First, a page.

Praxis Continuing Education and Training

ACT Basics

ACT Basics

Learn the fundamentals of acceptance and commitment therapy with Matt Boone in 10 actionable modules of video instruction, exercise demonstrations, and more.

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Help Your Clients Live Better and
Make Lasting Change

with acceptance and commitment therapy (ACT)

A letter from the trainer, Matt Boone

How do you help a person change their life for the better?

The entire mental health profession exists to answer this question.

Yet anyone who works in this field knows from personal experience that it is still far from straightforward.

Some days, you might have the privilege of seeing someone’s life transform before your eyes.

On others, you’ll find yourself having the same, frustrating conversation you’ve been having for years with a client who can’t seem to change, in spite of their best efforts.

Unfortunately, cases like the latter are more common than we’d like to admit. And knowing how to ignite lasting change is an ongoing challenge for many practitioners.

Even when you’re dealing with people who have the same diagnosis, there is no guarantee that a protocol or approach that led to success in one case will lead to it in another.

Not to mention, there are many times when clients have no major DSM diagnosis at all but are suffering from “normal” life stressors, like the death of a parent, or divorce, or being let go from a job.

Suffering can show up in so many different ways. In fact, many clients will present with a specific situation that we haven’t seen before. And it’s our job to help them find a way through it.

But in work involving human behavior, there is no exact science — no clear-cut way to solve a person’s problems.

Human behavior is complex; I think we all know that intuitively.

Still, that doesn’t make it any less painful when you’ve tried everything in your toolbox and a client hasn’t made the progress they'd like to make.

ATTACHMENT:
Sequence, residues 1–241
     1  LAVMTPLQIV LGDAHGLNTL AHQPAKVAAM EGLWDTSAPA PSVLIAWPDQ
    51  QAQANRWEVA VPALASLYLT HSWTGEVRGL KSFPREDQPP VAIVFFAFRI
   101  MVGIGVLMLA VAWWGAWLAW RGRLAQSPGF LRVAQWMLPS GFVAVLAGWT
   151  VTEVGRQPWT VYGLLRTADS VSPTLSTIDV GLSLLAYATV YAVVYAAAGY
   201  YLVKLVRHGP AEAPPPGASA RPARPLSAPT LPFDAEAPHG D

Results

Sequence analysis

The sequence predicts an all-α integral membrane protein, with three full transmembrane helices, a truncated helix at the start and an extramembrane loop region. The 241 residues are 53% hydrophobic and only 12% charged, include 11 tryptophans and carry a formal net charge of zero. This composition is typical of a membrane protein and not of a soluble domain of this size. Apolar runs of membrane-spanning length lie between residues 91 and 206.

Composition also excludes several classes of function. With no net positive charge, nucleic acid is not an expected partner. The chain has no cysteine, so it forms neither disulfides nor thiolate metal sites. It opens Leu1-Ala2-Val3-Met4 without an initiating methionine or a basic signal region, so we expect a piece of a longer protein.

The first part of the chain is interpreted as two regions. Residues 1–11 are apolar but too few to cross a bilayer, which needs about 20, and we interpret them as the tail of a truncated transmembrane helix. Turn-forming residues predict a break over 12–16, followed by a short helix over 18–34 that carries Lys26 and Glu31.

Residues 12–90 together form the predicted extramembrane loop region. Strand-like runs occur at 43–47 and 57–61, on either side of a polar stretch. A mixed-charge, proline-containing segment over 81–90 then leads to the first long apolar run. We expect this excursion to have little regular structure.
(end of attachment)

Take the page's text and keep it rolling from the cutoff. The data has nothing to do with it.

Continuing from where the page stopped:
If you’re like many clinicians I’ve spoken with, this type of situation might make you dread the hour each week when you have to interact with that person.

You might even start wondering whether you’re really cut out for this work.

After all, this person has come to you because they want to change, and you’re dedicated to making a difference in their life.

So why is it so hard to make that happen?


Solving the Pain “Problem”

When you’re struggling with a client, it’s tempting to look for guidance in the form of diagnostic labels.

After all, that’s what many of our traditional treatment methods are based on.

But does a label of “chronic depression,” for example, really tell you why a person can’t seem to move forward, especially when they’ve come to you for that purpose?

We have all seen how certain people, regardless of diagnosis, are able to improve rather quickly. So what is going on beneath the surface that allows them to change while others struggle to do so?

When we look at the toughest cases, the ones where clients seem permanently stuck, we often find something in common.

Surprisingly, it’s not necessarily that their circumstances are the most dire (though sometimes they are).

It’s that they are heavily invested in avoiding pain.

By “pain” I mean any emotion, thought, or sensation that is difficult to experience. It might look like anxiety or sadness. It might be anger, numbness, or grief.

In fact, many clients will state upfront that painful feelings or circumstances are the problem with their life and the reason why they can’t be happy.

Because they, like many people, have bought into the notion that in order to live a good life, we can’t have negative feelings or thoughts. And that, if we do, there is something wrong with us that needs fixing.

The idea that we can and should control these painful experiences is embedded in much of our folk wisdom as well as in our treatment traditions.

So it’s no wonder that practitioners feel a responsibility to help their clients stop feeling “bad.”

In many cases, clinicians even feel like they’re not doing their job if the client’s pain shows up in the room with them and they aren’t able to resolve it.

But there’s a major flaw in this approach:

Rather than helping us become pain-free, it often leads to more misery.


How Pain Turns Into Suffering

Running from pain makes good logical sense.

In fact, if we’ve internalized the idea that we must be free of pain to live a good life (as many of us have), that’s exactly what our mind will tell us to do.

The human mind is an ingenious machine. It will not just tell you to run away, it will also tell you how and when.

For example, if you’re a person who suffers from panic attacks, your mind might say, “You know, your friend’s birthday party this weekend is already giving you a lot of anxiety. Maybe you should stay home instead.”

Unfortunately, this very logical solution is like a Trojan horse: it has a lot of hidden problems.